Van Rompuy-Barroso Row over Commission President Election Tactics

Written by | Wednesday, April 23rd, 2014

The chiefs of the European Council, Herman van Rompuy, and the European Commission, Manuel Barroso, indirectly clashed Tuesday (22 April) over the procedure to appoint the next Commission President following the direct EU elections on 22-25 May. In an interview with the media, the Council President opposed the election of the next Commission President via a battle of “leading candidates” of the main political families at the European elections. While acknowledging the “important role” that the European Parliament had to play since the entry into force of the Lisbon Treaty in 2009, Van Rompuy also argued that “the difference between the parliament and those who really decide is very clear to citizens,” whereby the low voter turnout in European elections is a sign of this trend.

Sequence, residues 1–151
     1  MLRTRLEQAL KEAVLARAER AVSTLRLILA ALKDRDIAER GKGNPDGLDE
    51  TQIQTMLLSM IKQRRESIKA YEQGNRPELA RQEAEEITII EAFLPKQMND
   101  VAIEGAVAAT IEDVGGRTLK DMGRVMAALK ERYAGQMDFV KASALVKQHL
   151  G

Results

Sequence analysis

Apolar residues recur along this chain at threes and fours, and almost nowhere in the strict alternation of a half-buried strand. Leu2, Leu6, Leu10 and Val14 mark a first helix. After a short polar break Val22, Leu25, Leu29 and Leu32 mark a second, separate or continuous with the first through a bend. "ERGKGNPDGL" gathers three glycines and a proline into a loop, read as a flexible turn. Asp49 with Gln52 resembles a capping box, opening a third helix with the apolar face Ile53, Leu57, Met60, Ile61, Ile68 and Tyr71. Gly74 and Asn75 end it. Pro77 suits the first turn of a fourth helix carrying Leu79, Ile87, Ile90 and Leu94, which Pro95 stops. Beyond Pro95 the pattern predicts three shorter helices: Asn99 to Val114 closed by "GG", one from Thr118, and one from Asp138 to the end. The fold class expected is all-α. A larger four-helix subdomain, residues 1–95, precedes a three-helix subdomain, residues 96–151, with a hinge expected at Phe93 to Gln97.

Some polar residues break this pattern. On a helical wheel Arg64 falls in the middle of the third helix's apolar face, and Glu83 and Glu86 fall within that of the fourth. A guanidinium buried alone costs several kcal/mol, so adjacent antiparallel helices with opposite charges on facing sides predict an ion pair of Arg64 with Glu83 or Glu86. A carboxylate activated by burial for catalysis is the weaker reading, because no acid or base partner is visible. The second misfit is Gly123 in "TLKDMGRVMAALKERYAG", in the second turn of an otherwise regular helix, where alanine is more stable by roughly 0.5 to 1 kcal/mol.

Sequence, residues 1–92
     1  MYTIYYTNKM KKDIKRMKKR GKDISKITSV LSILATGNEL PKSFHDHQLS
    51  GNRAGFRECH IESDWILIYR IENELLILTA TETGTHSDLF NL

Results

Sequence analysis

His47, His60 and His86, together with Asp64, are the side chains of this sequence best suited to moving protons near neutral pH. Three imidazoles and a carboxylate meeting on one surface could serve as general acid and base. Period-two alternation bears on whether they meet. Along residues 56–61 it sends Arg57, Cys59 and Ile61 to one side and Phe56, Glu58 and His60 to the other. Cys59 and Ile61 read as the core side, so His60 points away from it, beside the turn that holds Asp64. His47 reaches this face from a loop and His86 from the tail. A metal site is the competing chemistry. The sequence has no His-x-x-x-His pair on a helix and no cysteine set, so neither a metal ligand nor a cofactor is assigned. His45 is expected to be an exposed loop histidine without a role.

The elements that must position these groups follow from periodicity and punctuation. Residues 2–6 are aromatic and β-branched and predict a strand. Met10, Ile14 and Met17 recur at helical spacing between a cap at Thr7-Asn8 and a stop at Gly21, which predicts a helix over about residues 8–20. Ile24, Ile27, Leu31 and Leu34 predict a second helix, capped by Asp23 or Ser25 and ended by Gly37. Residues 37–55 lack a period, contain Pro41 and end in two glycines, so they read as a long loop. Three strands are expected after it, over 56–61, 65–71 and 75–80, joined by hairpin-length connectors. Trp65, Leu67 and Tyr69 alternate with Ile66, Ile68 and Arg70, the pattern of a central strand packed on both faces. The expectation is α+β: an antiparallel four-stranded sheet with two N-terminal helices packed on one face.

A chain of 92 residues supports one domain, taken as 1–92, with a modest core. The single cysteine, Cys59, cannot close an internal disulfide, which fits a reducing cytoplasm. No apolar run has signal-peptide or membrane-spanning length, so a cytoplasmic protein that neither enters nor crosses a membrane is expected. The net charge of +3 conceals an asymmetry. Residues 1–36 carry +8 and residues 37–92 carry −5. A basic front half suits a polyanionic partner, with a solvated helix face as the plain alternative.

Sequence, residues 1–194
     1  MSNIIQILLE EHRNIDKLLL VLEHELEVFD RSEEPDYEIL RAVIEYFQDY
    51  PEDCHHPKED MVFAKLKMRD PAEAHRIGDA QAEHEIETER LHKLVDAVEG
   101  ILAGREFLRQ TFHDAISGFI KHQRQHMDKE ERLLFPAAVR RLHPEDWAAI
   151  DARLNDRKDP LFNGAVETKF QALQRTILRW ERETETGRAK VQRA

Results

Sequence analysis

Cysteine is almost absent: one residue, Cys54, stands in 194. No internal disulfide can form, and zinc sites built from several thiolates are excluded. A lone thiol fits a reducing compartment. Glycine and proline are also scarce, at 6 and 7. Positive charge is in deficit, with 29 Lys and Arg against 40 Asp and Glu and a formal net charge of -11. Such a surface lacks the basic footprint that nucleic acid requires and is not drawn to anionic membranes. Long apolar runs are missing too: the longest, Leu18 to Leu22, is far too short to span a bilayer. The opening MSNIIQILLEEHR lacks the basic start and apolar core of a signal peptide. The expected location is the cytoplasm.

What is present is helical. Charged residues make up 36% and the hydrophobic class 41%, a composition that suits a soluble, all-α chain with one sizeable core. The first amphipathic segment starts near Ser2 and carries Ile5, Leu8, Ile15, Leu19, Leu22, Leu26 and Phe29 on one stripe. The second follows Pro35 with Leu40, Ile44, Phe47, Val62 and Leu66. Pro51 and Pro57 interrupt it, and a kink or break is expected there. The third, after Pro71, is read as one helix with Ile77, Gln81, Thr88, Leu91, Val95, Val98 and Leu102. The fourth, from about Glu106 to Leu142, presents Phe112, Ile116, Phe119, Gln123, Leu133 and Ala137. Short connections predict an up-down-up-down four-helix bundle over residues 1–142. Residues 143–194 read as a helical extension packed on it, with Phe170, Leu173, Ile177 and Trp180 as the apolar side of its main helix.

Van Rompuy’s statement enraged many MEPs involved in the campaign to elect the successor to the current incumbent, Jose Manuel Barroso. The European Parliament is of the view that the next head of the executive Commission must be the leader of the political group that wins the most seats in the upcoming elections in the 28 member states. However, the EU treaty stipulates that it is the prerogative of European Council of national leaders to nominate a candidate, “taking account” of the elections after holding consultations. It has been a public secret that Van Rompuy is opposed to having public candidates for the Commission presidency during the next EU elections, yet since he is to chair an emergency EU summit on 27 May, which will take stock of the European elections results, his personal views may have far-reaching consequences. With his views, Van Rompuy also appears to be at odds with Barroso, because it was reportedly the latter’s idea that European political parties present their candidate for the top EU job at the European Parliament elections.

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